Bologna Children’s Book Fair ‘Tour’ for Illustrators

On the exhibition floor of the 2021 Sharjah International Book Fair. Image: SIBF

In cooperation with Bologna Children’s Book Fair, workshops and panels were offered for illustrators, designers, and art directors. This is part of the “Bologna Grand Tour” program supported by Italy’s ICE-Agenzia and ministry of foreign affairs and international cooperation.

The program, which precedes Sharjah being guest of honor at Bologna in 2022, offers 30 portfolio reviews, 10 workshops, and 20 masterclasses at fairs, reflective of Bologna’s leadership in illustration in children’s publishing.

Kuwaiti journalist and author Taleb Al Refai was this year’s designated cultural personality of the year and was one of 85 authors and other featured guests from 22 countries. As Publishing Perspectives readers know, the 2021 Nobel Prize laureate Abdulrazak Gurnah was on hand, as were television personality and writer Trevor Noah; Chris Gardner; Amitav Ghosh; Yasmina Khadra; Chetan Bhagat, and others.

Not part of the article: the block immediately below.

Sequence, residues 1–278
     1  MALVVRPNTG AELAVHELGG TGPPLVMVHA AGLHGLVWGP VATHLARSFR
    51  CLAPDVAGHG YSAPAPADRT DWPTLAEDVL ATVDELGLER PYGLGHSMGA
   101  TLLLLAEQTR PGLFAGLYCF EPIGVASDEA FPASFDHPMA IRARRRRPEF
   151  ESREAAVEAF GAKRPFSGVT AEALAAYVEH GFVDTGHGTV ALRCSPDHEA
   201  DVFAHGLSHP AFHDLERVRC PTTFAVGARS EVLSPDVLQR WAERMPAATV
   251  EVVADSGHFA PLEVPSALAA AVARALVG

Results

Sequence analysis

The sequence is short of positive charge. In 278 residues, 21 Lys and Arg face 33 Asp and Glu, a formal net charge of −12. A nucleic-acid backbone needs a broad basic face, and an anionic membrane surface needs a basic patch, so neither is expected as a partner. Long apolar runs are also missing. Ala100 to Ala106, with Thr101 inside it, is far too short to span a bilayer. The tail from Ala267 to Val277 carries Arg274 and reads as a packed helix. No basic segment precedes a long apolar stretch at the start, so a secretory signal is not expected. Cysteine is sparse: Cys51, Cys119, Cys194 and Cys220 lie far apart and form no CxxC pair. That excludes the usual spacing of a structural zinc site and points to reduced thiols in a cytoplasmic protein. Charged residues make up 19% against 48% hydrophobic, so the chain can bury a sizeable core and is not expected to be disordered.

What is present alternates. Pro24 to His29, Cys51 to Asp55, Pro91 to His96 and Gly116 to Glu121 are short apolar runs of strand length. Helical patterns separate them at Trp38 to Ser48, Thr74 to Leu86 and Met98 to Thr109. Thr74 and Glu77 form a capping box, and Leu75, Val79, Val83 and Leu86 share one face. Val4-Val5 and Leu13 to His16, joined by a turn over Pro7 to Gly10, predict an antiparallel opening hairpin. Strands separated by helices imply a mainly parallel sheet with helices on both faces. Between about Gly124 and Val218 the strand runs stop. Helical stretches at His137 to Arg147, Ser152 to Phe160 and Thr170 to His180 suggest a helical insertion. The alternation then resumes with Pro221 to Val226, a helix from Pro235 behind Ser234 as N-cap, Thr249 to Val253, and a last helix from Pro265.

A final tally from the pre-fair Publishers Conference professional program indicates that 546 publishers and literary agents were on hand for the event, which featured 35 speakers and a cavernous trading floor noisy with one-on-one rights meetings.

In addition, Sharjah this year held two library events. One was the eighth iteration of the two-day Sharjah International Library Conference in association with the American Library Association. A new event, a National Libraries Summit, drew some 50 participants representing national libraries in 20 countries.